Born in Spain, the son of a farmer, Peter Claver entered the Society of Jesus and was ordained in 1615 in Cartagena, South America, where he had made his higher studies. Cartagena was the center of the infamous slave trade, where many thousands of African slaves were landed after crossing the ocean amid inhuman conditions, and then penned like animals in yards. Their terrible plight, corporal and spiritual, tore at the heart of the young Jesuit and he determined to devote himself to the alleviation of their misery. At his profession he had vowed “to be a slave of the slaves forever,” and he now began to carry out this vow.
Though his main concern was the salvation of the slaves, he realized that their bodily misery needed attention first. “We must speak to them with our hands,” he said, “before we can speak to them with our lips.” His love and his endurance seemed boundless.
Taking only a minimum of sleep, he ministered tirelessly to the slaves, washing and tending their wounds, feeding them with food begged in the city, burying their dead, comforting them so lovingly that he appeared like an angel from heaven. He saw in them not only Christ’s brothers and sisters, but souls for whom He had bled and died. He instructed the adults by means of interpreters and pictures, and during the forty years of his heroic apostolic labors he is said to have baptized over 300,000, including infants.
He fought courageously for enforcement of the law providing for the Christian marriage of the slaves and forbidding the separation of families.Every spring he conducted missions for the slaves in the country, and in fall for the sailors and traders in the city, preaching in the streets’ hearing confessions for hours on end, so that he also became the apostle of Cartagena itself.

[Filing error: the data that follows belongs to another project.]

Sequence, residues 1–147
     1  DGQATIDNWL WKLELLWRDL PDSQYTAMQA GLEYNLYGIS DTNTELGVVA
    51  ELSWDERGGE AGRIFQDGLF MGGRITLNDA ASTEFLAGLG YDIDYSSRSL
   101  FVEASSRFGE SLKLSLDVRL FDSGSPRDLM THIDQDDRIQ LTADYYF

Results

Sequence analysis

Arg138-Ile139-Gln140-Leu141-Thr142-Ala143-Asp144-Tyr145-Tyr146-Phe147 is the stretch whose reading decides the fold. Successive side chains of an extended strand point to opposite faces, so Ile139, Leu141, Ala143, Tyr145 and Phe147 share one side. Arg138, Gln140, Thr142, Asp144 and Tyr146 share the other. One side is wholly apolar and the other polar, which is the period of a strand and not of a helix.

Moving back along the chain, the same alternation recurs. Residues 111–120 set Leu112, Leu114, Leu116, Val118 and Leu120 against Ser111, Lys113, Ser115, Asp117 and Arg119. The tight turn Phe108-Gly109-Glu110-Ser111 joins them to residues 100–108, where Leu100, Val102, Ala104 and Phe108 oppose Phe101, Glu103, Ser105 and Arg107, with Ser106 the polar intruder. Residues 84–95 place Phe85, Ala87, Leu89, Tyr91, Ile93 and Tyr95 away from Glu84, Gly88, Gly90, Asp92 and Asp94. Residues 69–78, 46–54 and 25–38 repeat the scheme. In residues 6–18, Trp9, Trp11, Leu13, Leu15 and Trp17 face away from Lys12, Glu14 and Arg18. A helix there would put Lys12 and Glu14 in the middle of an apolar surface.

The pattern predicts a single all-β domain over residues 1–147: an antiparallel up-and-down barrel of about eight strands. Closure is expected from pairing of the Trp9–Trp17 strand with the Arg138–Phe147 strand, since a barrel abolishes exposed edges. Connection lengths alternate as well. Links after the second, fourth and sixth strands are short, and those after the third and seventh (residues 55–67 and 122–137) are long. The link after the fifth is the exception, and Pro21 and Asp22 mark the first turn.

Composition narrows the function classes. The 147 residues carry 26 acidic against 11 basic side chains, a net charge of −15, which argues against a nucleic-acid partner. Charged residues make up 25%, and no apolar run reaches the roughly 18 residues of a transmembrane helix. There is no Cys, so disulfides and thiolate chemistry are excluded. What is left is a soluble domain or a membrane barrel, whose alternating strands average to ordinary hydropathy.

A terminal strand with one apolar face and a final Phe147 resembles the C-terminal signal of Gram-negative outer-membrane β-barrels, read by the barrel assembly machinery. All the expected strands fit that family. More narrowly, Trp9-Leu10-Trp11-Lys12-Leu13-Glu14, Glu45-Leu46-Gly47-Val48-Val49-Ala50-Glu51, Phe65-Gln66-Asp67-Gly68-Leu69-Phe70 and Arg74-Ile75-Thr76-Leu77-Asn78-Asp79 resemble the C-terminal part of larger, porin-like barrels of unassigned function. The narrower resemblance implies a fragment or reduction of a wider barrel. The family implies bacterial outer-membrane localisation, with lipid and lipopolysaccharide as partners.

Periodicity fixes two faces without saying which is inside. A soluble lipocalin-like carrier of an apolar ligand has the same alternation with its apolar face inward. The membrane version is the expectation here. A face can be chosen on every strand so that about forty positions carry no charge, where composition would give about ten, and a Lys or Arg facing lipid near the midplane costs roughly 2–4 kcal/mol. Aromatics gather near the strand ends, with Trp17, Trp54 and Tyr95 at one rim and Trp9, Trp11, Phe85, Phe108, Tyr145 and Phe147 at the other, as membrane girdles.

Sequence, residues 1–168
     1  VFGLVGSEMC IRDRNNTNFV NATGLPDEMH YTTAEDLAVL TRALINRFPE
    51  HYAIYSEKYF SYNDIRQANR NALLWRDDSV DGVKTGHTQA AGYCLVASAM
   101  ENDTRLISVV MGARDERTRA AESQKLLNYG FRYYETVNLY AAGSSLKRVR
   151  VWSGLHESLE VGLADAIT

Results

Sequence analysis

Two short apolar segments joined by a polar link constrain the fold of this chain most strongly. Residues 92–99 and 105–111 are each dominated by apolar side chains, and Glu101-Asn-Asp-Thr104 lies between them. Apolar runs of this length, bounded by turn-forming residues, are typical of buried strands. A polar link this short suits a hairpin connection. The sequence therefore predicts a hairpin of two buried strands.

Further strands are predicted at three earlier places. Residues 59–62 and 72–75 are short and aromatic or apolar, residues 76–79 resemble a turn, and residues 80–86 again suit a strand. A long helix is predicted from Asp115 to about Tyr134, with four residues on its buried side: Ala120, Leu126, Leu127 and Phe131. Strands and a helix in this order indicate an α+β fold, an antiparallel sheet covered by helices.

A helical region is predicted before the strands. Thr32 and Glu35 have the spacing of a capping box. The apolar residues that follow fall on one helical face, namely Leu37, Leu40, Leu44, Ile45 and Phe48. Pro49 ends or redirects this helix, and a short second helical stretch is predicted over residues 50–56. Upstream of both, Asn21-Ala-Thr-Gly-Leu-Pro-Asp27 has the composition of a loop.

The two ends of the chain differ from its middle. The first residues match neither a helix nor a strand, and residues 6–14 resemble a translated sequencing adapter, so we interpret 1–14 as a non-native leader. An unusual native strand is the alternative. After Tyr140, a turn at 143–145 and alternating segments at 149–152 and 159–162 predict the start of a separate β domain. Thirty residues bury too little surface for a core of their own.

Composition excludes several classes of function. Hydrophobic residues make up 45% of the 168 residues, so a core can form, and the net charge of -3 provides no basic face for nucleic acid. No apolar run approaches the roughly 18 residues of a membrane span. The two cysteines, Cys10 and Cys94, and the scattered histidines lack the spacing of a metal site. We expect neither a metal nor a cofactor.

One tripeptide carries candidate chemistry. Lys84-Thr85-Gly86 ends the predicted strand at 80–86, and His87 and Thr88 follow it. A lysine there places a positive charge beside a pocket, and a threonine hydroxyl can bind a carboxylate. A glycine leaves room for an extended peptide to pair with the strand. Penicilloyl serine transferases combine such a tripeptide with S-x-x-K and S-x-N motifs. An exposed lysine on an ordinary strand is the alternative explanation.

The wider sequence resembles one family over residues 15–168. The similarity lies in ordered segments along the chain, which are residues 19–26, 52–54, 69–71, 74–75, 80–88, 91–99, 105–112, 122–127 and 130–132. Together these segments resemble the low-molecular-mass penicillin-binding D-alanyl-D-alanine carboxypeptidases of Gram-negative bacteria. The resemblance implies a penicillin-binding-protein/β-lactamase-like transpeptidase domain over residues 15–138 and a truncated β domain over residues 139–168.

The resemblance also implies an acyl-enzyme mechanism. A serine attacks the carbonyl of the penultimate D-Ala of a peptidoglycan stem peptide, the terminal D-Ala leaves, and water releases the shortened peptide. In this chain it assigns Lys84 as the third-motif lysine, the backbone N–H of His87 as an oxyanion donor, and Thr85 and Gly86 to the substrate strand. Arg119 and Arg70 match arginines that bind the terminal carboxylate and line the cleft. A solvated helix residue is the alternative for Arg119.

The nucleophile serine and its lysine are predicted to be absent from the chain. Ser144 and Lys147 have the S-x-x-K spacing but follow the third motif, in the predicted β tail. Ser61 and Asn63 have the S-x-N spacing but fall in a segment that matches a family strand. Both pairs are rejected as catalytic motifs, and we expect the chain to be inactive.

The plague struck the city in 1650, and Peter was one of its first victims. For four years he was bedridden in his cell, unable to work, and almost forgotten. However, when he announced his approaching end, crowds came to kiss his hands and feet and to take away from his cell whatever they could as relics.
He was given a public burial, and the fame of his heroism, his holiness, and his miracles soon spread throughout the world. Leo XIII declared him the patron of all missionary work among Blacks.
Taken from “A Saint A Day” by Berchman’s Bittle, O.F.M. Cap. published by The Bruce Publishing Company, (c) 1958.
Patron: against slavery; foreign missions; black people; race relations; Colombia; diocese of Shreveport, Louisiana; diocese of Lake Charles, Louisiana.
Symbols: ship; cockle shell used for baptizing; usually pictured baptizing a black slave.
Quote: “To love God as He ought to be loved, we must be detached from all temporal love. We must love nothing but Him, or if we love anything else, we must love it only for His sake.”